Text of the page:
bannerHON
img
HONnews
HONnews
img PATIENT / PARTICULIER img PROFESSIONNEL DE SANTE img WEBMESTRE img
img
 
img
HONcode sites
Khresmoi - new !
HONselect
News
Conferences
Images

Themes:
A B C D E F G H I
J K L M N O P Q
R S T U V W X Y Z
Browse archive:
2019: O S A J J M A M F J
2018: D N O

 
  Other news for:
Exercise
Physical Fitness
Occupational Health
 Resources from HONselect
Wellness Programs Take Hold in American Workplaces

By Robert Preidt

WEDNESDAY, April 24, 2019 (HealthDay News) -- Nearly half of U.S. workplaces now offer wellness programs, a new study finds.

"Most American adults work, and many spend half or more of their waking hours at work," said study author Laura Linnan. She's a professor in the department of health behavior at the University of North Carolina's School of Global Public Health.

"Where we work, how long we work, the conditions of our work, who we work with -- all of these factors impact our health," Linnan said in a university news release. "Employers have an opportunity to shape work environments and work conditions in ways that support employee health."

The larger the workplace, the more likely it was to have a wellness program, the survey revealed.

Health promotion programs were offered by 39% of workplaces with 10 to 24 employees, 60% of workplaces with 50 to 99 employees, and 92% of workplaces with 500 or more employees, according to the report.

But the survey also found that many workplace programs focused only on certain areas of health and wellness, rather than taking a comprehensive approach.

Nearly one-third of workplaces offered some type of program to address physical activity, fitness or inactivity.

About one-fifth offered programs to help employees quit tobacco use, and about 17% had weight management/obesity programs, according to the study published April 22 in the American Journal of Health Promotion.

Three factors were independent predictors of having a comprehensive health promotion program: having at least one person assigned to be responsible for the program; a budget; and several years of experience with health promotion programming.

The survey is the most recent national poll of workplace health promotion programs, and the first of its kind in 13 years, the researchers noted.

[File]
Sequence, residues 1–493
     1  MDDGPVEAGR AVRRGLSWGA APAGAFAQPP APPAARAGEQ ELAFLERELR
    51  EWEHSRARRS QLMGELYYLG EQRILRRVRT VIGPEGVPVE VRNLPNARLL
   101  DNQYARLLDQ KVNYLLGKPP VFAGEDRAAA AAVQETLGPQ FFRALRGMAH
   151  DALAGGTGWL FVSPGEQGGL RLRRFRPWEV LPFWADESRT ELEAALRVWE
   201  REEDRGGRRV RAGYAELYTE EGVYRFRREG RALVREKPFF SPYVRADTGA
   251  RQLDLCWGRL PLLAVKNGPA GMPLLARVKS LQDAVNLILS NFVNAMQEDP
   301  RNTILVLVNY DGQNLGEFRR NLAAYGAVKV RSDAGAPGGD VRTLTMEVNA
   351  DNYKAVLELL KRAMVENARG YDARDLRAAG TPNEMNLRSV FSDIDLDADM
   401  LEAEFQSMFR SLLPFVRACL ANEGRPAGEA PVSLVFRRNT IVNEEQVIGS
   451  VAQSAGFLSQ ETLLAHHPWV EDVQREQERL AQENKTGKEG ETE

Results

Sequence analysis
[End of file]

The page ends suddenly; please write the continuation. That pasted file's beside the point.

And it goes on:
This survey "identifies gaps in knowledge to help practitioners and researchers set the agenda for future progress in worker and workplace health," Linnan explained.

More information

The U.S. Centers for Disease Control and Prevention has more on workplace health promotion.

SOURCE: University of North Carolina at Chapel Hill, news release, April 22, 2019

Copyright © 2019 HealthDay. All rights reserved. URL:http://consumer.healthday.com/Article.asp?AID=745373

Resources from HONselect: HONselect is the HON's medical search engine. It retrieves scientific articles, images, conferences and web sites on the selected subject.
Data Collection
Research Personnel
The list of medical terms above are retrieved automatically from the article.

Disclaimer: The text presented on this page is not a substitute for professional medical advice. It is for your information only and may not represent your true individual medical situation. Do not hesitate to consult your healthcare provider if you have any questions or concerns. Do not use this information to diagnose or treat a health problem or disease without consulting a qualified healthcare professional.
Be advised that HealthDay articles are derived from various sources and may not reflect your own country regulations. The Health On the Net Foundation does not endorse opinions, products, or services that may appear in HealthDay articles.


Home img About us img MediaCorner img HON newsletter img Site map img Ethical policies img Contact